Then there are the distractions in the service. There’s a hole in your sock, you can feel it, and it’s bugging you. There’s an argument on Twitter you had to pause for the service, but you so wanna dive back into it. There’s a guy behind you who smells like he’s taken holy communion about 20 times before the service. There’s a woman in front of you whose hat is blocking your view; who’s wearing a ton of perfume to cover up the fact she hasn’t drycleaned this particular set of Sunday clothes in a few months… but you can smell the stank anyway. There’s a crying baby. The kids are fidgeting. Isn’t there a game going on?… What’s the score?

Or you’re just tired. Or your mind is otherwise elsewhere. Or any of the personal reasons why you weren’t able to follow the message as well as you wish. Life happens.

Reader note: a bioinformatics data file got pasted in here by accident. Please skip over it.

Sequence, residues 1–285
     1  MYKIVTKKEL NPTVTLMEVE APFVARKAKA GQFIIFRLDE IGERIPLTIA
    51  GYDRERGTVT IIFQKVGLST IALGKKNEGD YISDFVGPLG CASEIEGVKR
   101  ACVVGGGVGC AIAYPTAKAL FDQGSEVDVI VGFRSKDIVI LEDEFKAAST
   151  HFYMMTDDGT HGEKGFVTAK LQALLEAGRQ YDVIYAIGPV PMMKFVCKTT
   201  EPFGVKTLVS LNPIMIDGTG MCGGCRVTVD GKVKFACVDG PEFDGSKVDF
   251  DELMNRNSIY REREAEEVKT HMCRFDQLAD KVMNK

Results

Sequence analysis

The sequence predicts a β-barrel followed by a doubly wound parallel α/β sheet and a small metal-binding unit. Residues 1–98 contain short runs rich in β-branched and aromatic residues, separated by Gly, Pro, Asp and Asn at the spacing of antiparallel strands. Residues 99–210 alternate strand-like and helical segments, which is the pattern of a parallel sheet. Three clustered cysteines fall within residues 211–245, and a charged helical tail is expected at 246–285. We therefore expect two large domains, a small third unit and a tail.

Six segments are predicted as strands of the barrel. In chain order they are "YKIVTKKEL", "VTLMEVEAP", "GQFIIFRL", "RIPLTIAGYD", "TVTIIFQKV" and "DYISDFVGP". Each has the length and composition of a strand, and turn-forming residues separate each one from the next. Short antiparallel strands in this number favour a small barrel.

But it’s important to remember what’s been preached at your church. For more reasons than these:

  • It helps you grow closer as a church body: You’re on the same page, topically. You have a common goal, a common subject to analyze further.
  • The preacher is likely discussing an issue many of you do need help with. Elementary or not, maybe you need to look at it again, or in depth.
  • Likely the Holy Spirit wants this subject preached upon, because you’re gonna need this information in the near future. Like, say, this Wednesday.

So if you’re struggling to remember the sermons, notetaking can help.

Notetaking. Like in school.